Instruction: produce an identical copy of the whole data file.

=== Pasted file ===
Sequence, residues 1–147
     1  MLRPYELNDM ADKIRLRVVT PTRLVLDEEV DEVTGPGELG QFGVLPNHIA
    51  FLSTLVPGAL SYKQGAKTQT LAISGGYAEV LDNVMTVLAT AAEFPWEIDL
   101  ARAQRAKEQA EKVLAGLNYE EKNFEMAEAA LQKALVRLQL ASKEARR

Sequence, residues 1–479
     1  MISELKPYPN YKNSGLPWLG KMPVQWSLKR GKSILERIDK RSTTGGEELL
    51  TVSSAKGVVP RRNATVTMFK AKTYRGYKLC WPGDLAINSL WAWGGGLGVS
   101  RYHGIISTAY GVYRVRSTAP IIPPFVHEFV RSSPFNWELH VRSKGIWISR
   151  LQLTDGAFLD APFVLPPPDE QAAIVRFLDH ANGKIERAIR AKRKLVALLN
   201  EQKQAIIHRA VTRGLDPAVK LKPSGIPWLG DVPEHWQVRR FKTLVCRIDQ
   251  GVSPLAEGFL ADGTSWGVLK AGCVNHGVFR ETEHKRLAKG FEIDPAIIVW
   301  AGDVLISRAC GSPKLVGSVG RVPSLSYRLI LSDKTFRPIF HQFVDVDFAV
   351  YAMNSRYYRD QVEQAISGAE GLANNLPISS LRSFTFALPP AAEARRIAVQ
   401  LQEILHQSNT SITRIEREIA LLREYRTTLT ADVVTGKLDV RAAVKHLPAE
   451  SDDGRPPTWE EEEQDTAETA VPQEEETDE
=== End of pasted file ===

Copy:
Sequence, residues 1–147
     1  MLRPYELNDM ADKIRLRVVT PTRLVLDEEV DEVTGPGELG QFGVLPNHIA
    51  FLSTLVPGAL SYKQGAKTQT LAISGGYAEV LDNVMTVLAT AAEFPWEIDL
   101  ARAQRAKEQA EKVLAGLNYE EKNFEMAEAA LQKALVRLQL ASKEARR

Sequence, residues 1–479
     1  MISELKPYPN YKNSGLPWLG KMPVQWSLKR GKSILERIDK RSTTGGEELL
    51  TVSSAKGVVP RRNATVTMFK AKTYRGYKLC WPGDLAINSL WAWGGGLGVS
   101  RYHGIISTAY GVYRVRSTAP IIPPFVHEFV RSSPFNWELH VRSKGIWISR
   151  LQLTDGAFLD APFVLPPPDE QAAIVRFLDH ANGKIERAIR AKRKLVALLN
   201  EQKQAIIHRA VTRGLDPAVK LKPSGIPWLG DVPEHWQVRR FKTLVCRIDQ
   251  GVSPLAEGFL ADGTSWGVLK AGCVNHGVFR ETEHKRLAKG FEIDPAIIVW
   301  AGDVLISRAC GSPKLVGSVG RVPSLSYRLI LSDKTFRPIF HQFVDVDFAV
   351  YAMNSRYYRD QVEQAISGAE GLANNLPISS LRSFTFALPP AAEARRIAVQ
   401  LQEILHQSNT SITRIEREIA LLREYRTTLT ADVVTGKLDV RAAVKHLPAE
   451  SDDGRPPTWE EEEQDTAETA VPQEEETDE